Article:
It’s based on CBT (cognitive behaviour therapy) and taught us about

  • the physiological, psychological and behavioural mechanisms that lead to low blood sugar
  • how, as a result of repeated exposure to lows and our inappropriate responses to them, things malfunction, and
  • the reasons why it can be difficult to retain hypo awareness symptoms once you’ve passed a certain point.

I ticked all the boxes and felt totally at home in the discussions, despite the strong feelings they awoke.

It was hard work (lots of homework!) and I found facing up to, owning and trying to alter my behaviour challenging.  But it all felt so right and I knew without a doubt that it was exactly where I should be.  The two course leaders Helen Rogers (DSN) and Victoria Francis (specialist diabetes dietician) were fantastic, showed exceptional insight and where needed, never let a loaded remark pass without challenge.  We laughed a great deal, perhaps letting off steam after years of holding things back.

Relatives and friends were invited to the last day of the course to share observations and experiences.  I always say that diabetes is a family affair, it affects everyone close to us.  So it’s important for them to understand and support the behaviour changes we learned on the course.

There are multiple reasons for severe hypos including the need for a different regime or for better education and support.  This course will clearly not help or be appropriate for all.  Further research has now been completed in three locations across England and in one USA trial (Boston, MA) to fully establish its efficacy, and the results will be published in due course.

More info   

In an attempt to re-sensitise ourselves, the course taught us to pay great attention to all possible signs of falling blood sugar.  I now get times when I feel low, which for me triggers very sudden exhaustion, setting off alarm bells.  This is most noticeable when I’m physically active but less so if sitting quietly.  I’m practising hard and feel optimistic, there’s definitely been positive changes in my behaviour but I still need my Dexcom.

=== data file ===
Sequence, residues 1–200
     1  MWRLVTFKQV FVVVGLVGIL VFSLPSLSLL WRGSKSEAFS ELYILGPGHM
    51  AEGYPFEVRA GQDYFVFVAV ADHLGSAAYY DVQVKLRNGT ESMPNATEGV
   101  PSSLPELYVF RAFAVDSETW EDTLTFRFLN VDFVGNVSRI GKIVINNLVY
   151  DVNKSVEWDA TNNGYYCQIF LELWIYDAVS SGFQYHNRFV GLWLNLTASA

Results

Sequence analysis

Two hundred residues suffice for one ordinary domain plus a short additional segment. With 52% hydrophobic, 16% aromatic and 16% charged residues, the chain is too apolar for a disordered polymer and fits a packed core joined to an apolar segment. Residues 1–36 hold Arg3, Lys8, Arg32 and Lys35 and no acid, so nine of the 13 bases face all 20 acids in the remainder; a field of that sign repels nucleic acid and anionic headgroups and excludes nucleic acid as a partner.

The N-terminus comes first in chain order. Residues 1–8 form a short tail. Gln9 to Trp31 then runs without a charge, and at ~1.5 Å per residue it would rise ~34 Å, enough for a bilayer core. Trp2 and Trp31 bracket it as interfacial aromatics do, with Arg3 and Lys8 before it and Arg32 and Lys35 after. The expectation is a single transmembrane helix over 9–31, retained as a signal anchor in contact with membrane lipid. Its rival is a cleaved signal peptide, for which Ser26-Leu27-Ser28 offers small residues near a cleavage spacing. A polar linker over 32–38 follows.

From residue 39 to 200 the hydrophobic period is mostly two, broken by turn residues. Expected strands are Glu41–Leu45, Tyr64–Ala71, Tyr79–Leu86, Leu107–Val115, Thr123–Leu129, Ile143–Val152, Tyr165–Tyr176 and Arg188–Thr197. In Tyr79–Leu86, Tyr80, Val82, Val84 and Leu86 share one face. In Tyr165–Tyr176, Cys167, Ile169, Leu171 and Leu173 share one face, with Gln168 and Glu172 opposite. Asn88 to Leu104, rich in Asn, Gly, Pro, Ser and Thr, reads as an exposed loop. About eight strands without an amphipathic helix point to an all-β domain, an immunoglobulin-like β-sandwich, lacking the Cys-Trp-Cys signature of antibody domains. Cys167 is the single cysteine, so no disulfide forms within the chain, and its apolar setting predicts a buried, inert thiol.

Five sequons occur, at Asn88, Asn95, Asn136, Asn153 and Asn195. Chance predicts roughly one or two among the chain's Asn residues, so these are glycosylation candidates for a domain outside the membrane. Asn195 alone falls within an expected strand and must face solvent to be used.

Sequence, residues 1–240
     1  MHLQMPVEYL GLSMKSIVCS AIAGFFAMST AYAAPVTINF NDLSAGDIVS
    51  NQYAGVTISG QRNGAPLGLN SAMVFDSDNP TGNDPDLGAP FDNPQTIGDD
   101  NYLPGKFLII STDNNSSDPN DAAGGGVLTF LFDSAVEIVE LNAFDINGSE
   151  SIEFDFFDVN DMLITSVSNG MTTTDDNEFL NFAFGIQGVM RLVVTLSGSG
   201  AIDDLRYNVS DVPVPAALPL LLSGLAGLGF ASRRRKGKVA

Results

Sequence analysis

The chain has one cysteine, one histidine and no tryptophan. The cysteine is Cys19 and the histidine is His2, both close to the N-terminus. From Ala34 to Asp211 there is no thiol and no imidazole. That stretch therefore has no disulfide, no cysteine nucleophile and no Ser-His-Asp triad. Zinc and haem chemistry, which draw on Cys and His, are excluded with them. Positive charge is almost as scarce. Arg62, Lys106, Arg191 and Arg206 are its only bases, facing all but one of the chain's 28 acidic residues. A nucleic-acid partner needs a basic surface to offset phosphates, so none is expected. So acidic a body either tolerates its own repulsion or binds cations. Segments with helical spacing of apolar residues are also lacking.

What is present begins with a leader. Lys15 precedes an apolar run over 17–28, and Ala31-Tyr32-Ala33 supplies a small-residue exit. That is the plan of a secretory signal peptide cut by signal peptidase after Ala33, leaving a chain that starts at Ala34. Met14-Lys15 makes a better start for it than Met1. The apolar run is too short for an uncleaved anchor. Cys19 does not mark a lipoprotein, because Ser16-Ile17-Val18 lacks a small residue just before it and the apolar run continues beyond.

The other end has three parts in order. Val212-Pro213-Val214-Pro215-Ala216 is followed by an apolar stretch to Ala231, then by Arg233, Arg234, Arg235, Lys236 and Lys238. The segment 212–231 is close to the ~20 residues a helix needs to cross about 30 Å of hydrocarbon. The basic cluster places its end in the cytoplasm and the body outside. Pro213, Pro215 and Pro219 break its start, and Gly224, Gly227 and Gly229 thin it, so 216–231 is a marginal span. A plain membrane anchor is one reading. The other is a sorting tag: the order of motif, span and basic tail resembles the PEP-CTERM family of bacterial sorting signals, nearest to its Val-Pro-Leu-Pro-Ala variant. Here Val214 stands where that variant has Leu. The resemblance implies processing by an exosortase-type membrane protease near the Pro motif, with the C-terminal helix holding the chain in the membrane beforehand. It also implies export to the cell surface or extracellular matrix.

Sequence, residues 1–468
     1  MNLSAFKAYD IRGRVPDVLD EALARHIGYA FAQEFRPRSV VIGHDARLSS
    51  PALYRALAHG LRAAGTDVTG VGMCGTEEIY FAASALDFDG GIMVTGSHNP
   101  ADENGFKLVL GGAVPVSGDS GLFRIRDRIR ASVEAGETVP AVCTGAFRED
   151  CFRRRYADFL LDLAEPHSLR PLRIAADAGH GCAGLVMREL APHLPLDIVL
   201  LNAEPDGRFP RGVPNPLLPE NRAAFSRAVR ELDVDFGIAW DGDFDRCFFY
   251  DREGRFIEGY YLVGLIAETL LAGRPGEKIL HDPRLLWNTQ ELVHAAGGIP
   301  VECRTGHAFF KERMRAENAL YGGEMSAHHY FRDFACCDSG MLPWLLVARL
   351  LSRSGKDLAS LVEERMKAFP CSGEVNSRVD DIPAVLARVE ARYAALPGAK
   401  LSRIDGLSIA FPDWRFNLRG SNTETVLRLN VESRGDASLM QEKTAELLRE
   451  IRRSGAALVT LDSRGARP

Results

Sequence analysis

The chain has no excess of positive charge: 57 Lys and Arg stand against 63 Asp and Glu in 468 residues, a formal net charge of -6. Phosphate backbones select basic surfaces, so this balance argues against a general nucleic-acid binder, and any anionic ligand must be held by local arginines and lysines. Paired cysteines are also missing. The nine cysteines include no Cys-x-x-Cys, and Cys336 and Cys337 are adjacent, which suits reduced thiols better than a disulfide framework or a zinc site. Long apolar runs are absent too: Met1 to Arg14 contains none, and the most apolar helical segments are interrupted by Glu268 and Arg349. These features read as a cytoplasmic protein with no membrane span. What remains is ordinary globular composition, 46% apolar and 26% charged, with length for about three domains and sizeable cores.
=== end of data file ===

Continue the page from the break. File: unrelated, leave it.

So my hypo action plan is:

  • cropped-img_1697.jpgto act on every single alarm and try to avoid going near to or below 4mmol in o
    rder to restore a near normal adrenaline response
  • to remind myself repeatedly of the airline safety announcement “Put on your oxygen mask before helping others”
  • to be far more vigilant and treat lows with fastacting carbs (for me Jelly Babies not chocolate, bread or other less appropriate items!)
  • to avoid stacking insulin corrections or rage bolusing when blood sugar goes high, and be forgiving when stuff happens – as it always will!

But perhaps most important of all is the realisation that it’s OK to be vulnerable.  I’m still learning and that will never end, hypos are like babies, they need attention and care.  I’m still soldiering on into my 52nd year with type 1, but I can now acknowledge and lick my wounds.  This has been an important journey of discovery, it’s been fantastic to face the challenge and deal with it head on.  I feel like I’ve now discarded a rucksack full of heavy rocks – that’s a massive relief and feels damned good 😀 

I’m extremely grateful to have stumbled across an opportunity to tackle a problem I’ve never really acknowledged or spoken about with others – other than my trusty Lifebuoy.  I’m lucky to be here and definitely wouldn’t be without this guy – thank you John.   (PS he can barely swim!)  img_0022